the law, including his statement that the jury may find retaliation "even if there was no discrimination." There was no objection to the instruction. The elements of discrimination and retaliation did not intersect. Properly instructed and acting under those instructions, the jury's verdict on discrimination could not have affected their verdict on retaliation.
The fate of the verdicts on intentional interference with contractual relations, and aiding and abetting discrimination, is otherwise. In an action for wrongful interference with contract the plaintiff must prove that the plaintiff had a contract with a third party, the defendant knowingly induced the third party to break that contract, the defendant's interference was improper in motive or means, and the plaintiff was harmed by the interference. See G.S. Enters., Inc. v. Falmouth Marine, Inc., 410 Mass. 262 , 272 (1991). As the jury were expressly instructed that discrimination on the basis of national origin could provide a basis for finding improper motive or means in interfering with a contract, we cannot say that the jury did not base this verdict on their discrimination verdict. A new trial is required on this count. See Slate v. Bethlehem Steel Corp., 400 Mass. 378 , 384 (1987). The same result is required as to aiding and abetting discrimination. It is a claim entirely derivative of the discrimination claim, so the verdict on that count likely was affected by the verdict on discrimination.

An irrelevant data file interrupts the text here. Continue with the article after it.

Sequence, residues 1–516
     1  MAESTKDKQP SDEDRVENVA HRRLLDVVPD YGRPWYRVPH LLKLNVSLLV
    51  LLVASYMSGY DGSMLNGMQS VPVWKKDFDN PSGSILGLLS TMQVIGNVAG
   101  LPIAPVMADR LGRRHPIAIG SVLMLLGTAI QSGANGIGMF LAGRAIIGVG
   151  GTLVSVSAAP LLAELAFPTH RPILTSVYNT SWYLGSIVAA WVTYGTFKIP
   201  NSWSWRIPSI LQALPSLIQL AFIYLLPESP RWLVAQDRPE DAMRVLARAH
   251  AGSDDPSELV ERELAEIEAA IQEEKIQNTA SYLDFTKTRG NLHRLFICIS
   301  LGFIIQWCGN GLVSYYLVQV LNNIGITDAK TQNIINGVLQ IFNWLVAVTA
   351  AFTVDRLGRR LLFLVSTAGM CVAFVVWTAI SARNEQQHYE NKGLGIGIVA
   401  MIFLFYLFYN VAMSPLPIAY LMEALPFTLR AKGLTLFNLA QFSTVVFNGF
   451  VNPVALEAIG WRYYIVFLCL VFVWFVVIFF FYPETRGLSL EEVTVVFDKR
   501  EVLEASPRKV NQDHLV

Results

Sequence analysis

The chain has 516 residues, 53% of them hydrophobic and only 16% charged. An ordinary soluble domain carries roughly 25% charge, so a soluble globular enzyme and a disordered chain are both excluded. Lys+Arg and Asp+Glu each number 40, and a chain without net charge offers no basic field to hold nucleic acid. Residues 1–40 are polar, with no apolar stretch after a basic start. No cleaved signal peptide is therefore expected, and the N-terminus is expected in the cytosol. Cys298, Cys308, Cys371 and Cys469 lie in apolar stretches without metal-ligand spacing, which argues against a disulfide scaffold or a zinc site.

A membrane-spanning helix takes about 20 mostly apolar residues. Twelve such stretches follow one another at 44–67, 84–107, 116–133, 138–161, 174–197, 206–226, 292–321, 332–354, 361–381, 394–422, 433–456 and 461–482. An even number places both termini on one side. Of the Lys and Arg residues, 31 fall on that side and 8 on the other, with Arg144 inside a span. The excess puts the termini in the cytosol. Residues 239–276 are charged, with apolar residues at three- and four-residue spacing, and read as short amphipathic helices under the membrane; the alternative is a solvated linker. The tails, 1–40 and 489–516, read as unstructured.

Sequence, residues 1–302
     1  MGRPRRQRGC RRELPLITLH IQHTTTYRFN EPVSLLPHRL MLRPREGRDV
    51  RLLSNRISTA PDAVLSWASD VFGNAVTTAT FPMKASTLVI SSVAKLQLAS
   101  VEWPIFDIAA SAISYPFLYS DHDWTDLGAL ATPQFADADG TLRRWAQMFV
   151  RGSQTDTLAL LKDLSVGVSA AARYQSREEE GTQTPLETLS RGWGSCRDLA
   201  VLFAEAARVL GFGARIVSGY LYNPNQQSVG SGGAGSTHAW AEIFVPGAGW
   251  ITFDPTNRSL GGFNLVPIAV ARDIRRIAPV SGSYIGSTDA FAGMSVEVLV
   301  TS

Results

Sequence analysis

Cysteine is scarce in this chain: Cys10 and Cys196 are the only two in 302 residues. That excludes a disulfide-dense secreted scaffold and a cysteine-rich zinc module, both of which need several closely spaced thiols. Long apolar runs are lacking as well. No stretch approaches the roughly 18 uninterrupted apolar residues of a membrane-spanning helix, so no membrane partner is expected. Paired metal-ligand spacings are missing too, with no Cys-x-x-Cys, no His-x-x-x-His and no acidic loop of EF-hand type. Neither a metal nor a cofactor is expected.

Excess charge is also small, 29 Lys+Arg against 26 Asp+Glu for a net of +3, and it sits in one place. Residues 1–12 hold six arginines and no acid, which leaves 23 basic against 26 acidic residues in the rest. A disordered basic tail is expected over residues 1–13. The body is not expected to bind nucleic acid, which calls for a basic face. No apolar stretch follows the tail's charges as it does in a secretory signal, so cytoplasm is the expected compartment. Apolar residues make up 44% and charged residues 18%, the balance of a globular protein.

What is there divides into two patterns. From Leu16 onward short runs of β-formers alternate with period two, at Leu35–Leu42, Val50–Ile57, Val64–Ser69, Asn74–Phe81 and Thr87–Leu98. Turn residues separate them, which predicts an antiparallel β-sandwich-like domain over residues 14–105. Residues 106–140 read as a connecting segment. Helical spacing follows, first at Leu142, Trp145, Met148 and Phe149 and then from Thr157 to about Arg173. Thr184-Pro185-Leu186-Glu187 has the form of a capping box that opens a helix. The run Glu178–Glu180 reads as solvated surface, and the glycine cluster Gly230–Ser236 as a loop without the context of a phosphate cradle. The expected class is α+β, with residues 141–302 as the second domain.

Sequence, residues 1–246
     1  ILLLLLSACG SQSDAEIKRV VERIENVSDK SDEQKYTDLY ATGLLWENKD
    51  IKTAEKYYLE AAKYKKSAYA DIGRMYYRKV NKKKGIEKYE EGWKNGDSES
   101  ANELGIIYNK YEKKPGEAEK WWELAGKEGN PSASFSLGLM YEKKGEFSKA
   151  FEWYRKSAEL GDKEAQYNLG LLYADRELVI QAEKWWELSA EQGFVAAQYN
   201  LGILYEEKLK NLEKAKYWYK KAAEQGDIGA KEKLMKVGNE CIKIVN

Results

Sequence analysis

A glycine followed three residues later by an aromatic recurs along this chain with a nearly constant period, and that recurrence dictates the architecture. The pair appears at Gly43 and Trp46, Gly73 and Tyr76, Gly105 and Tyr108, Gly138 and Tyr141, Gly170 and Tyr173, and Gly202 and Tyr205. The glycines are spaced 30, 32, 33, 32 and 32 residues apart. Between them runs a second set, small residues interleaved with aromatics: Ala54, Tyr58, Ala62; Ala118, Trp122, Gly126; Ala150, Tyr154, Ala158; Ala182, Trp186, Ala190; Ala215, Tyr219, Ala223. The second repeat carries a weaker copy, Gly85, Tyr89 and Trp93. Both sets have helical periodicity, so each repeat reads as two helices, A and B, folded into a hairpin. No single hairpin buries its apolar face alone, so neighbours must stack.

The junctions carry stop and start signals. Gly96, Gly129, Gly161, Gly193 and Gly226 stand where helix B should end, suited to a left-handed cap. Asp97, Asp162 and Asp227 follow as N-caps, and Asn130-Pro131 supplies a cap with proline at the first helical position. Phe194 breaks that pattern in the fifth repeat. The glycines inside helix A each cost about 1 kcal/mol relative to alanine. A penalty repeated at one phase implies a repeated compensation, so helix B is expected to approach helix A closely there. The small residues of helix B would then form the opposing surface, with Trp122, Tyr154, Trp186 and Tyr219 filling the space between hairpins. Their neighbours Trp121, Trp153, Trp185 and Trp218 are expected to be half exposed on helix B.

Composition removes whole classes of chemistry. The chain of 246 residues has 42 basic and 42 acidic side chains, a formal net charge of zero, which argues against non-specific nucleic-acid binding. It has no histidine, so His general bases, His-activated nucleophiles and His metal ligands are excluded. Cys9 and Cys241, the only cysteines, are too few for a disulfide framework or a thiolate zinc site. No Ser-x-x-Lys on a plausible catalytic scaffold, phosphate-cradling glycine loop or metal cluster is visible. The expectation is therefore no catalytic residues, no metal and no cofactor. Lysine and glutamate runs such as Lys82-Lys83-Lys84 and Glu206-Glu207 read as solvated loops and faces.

5. Motion to alter or amend judgment. The defendants argue that the judge effed in awarding prejudgment interest on the lump-sum compensatory figure of $522,136 against the individual defendants, particularly in light of the fact that it awarded prejudgment interest only on the past lost wages figure of $116,866 against Harvard. In light of our holding in Part 4, infra, we need not decide this question.
6. Abramian's appeal. Abramian raises two arguments in his appeal. First, he contends that the original punitive damages awarded by the jury should be reinstated. As discussed in Part 3(b), infra, there was no error in the order for a new trial on the question of punitive damages.
Abramian next argues that "relevant and material" evidence that was excluded at trial should be allowed in evidence at any retrial. Specifically, he argues that the judge should not have allowed the defendants' motion to quash Abramian's subpoena of certain witnesses, including Harvard's then general counsel. Abramian wanted the witnesses to appear in order to attempt to